Tuesday, June 4, 2013

Stay On Target



While I do spend some time in front of the flight simulator eating Andorian Worm-crisps, it's not like I do it from my mom's couch all day.  I've worked hard and I am a successful X-Wing pilot, thank you very much.  Now, nothing can go wrong...!



Kid, I've flown from one side of the galaxy to the other. I've seen a lot of strange stuff, but I've never seen anything to make me believe there's one all-powerful "Pilot School Scam" controlling everything. There's no employment stats or economic data that controls my destiny.  -  Han "Solo"


As has been seen here on OTLSS, as well as in other locations, one belief-battle that continues to come up is the pro-solo vs. anti-solo crowd. The pro-solo crowd (which includes the Law Schools, in principle) says that there is plenty of opportunity to make a living as a lawyer, but you have to go out there and grab it, no one is going to give it to you. They claim to have directly experienced the reward that comes from making it happen.

The anti-solo crowd (which includes the Scamblogs, in principle) says that the market is glutted, that actual paying clients are few and far between, so by extension you are engaging in magical thinking that you, an army of one, will beat the odds, despite what the Law Schools say. They have directly experienced the difficulty of pounding the pavement and drumming up paying work.

This debate, while important, has confounded the overall Scamblog debate.  It is important to remember this and not get off track into arguing whose philosophy is better while multiple-thousands of new 0Ls continue to apply.

I don't have an opinion as to whether someone should go solo or not.  Some people want to, some people don't want to.  I do, however, care very much about the arguments Law Schools advance in support of enticing people to get that shiny JD as well as the broader economic data that's out there.  In the interest of full disclosure, I myself went to law school for "all the wrong reasons," as they say, so I am biased towards those who feel the wool was pulled over their eyes.

The availability of clients are the bread-and-butter of solo legal practice, and by most measurements John Q. Public seems to be hurting, according to the sobering data in the link:


Like any good entrepreneur researching the market before taking the plunge, what this data says to me is that the 90s onward were "less advantageous" times to be a lawyer (which, considering that Boomer ScamDeans and LawProfs tend to remember happier economic times when pontificating, should surprise no one*). For decades prior, the Average-Joe’s wages were high, people were working a lot of hours, manufacturing was on the rise, unemployement was low, and there were lots of small businesses out there. The hallmarks of a thriving economy. This of course says nothing about the overproduction of JDs overall, nor the outpacing-inflation nature of tuition and resulting average debt load, during later time periods – but that specific data has already been picked over by other commenters in multiple forums.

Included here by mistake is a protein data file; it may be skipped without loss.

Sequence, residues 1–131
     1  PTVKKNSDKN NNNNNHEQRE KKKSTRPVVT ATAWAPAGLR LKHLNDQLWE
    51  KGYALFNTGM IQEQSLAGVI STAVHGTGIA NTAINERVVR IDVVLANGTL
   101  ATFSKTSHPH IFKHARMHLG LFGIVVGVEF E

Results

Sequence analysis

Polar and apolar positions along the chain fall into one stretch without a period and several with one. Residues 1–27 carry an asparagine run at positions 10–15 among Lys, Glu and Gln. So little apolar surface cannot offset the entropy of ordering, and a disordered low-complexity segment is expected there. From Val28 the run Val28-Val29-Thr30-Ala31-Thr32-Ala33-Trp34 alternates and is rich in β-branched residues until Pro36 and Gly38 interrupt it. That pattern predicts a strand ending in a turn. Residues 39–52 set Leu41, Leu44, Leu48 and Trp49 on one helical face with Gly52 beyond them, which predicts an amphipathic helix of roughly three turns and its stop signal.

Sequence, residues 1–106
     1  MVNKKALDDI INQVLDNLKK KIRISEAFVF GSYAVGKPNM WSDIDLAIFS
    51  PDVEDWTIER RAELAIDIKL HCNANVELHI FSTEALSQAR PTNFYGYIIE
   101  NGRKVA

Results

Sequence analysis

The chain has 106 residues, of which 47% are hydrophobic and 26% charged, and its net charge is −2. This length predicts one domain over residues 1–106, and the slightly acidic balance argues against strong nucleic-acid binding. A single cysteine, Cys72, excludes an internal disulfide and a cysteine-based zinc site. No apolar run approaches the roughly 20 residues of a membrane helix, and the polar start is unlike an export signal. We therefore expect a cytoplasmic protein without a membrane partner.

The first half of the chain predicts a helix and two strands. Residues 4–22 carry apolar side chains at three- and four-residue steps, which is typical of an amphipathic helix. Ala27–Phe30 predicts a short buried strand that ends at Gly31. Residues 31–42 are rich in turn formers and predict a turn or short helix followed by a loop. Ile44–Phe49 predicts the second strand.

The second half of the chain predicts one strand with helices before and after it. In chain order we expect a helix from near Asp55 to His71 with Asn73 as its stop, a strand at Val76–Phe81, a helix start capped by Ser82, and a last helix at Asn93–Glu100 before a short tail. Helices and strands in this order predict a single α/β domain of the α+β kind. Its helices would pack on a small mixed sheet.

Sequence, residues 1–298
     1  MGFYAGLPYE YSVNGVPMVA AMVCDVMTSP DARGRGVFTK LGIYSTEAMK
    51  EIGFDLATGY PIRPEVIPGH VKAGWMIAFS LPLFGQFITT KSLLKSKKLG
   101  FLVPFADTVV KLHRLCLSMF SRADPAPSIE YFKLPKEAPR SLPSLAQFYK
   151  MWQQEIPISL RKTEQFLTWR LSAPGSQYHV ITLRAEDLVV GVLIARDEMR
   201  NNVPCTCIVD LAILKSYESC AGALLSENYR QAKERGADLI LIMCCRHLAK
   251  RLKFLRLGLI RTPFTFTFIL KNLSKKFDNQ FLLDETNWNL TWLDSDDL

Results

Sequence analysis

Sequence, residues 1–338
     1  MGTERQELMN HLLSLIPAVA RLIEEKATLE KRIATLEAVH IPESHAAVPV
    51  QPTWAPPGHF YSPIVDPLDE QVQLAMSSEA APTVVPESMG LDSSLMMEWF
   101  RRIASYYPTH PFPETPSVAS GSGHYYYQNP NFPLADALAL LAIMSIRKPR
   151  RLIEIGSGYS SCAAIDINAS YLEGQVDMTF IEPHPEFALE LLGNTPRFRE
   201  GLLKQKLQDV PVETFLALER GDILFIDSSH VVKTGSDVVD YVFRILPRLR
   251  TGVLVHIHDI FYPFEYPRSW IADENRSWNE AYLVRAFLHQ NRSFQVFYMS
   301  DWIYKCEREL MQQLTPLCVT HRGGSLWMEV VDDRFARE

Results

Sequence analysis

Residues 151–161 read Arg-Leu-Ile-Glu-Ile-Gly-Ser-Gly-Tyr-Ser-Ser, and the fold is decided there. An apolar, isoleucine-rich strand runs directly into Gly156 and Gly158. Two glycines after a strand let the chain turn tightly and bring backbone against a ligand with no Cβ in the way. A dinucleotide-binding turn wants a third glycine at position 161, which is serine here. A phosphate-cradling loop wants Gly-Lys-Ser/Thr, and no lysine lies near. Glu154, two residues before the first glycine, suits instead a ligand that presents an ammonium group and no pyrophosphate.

According to the data in the last chart, self-employment is now at an all-time low. I don’t know what percentage of this self-employment data constitutes solo practitioners from the 1950s onward. But amongst the thousands and thousands of people which include failed general contractors, store owners, and insurance agents to name a few, there are at least, I don’t know, one or two solos. At least.  And the remaining number of attorneys hanging a shingle make up an ever-increasing percentage of this continually-lowering statistic.

"Who cares?" I hear some of the pro-solos say. "Get out there, and make it happen! You miss 100% of the swings you never take! Just make sure you are in the winner’s circle, instead of the other guy! You just have to want it bad enough! You can’t accomplish anything sitting at home in your mom’s basement, eating cheesy poofs and posting on blogs like a bunch of L00z3r whiners!"

No doubt this advice is true on a very pragmatic level. Yes, doing nothing is a recipe for obtaining nothing.  Yet, the time and energy to be spent has to be invested well.   This chart indicates to me that many, many others took the  "do something" self-employment advice to heart as well, in a variety of fields, yet many ended up moving on for some reason.

One could just hand-waive all this economic data away and say, "well, they just didn’t want it bad enough to work hard enough, that’s why."  Perhaps "they" didn't...but I don't think lumping thousands upon thousands of people into one generalized "all fail, all the time" category does the underlying argument justice.  It’s not surprising, then, that many are reluctant to dive in head-first into the self-employed solo market, especially with significant student loan debt helping them sink to the bottom all the faster.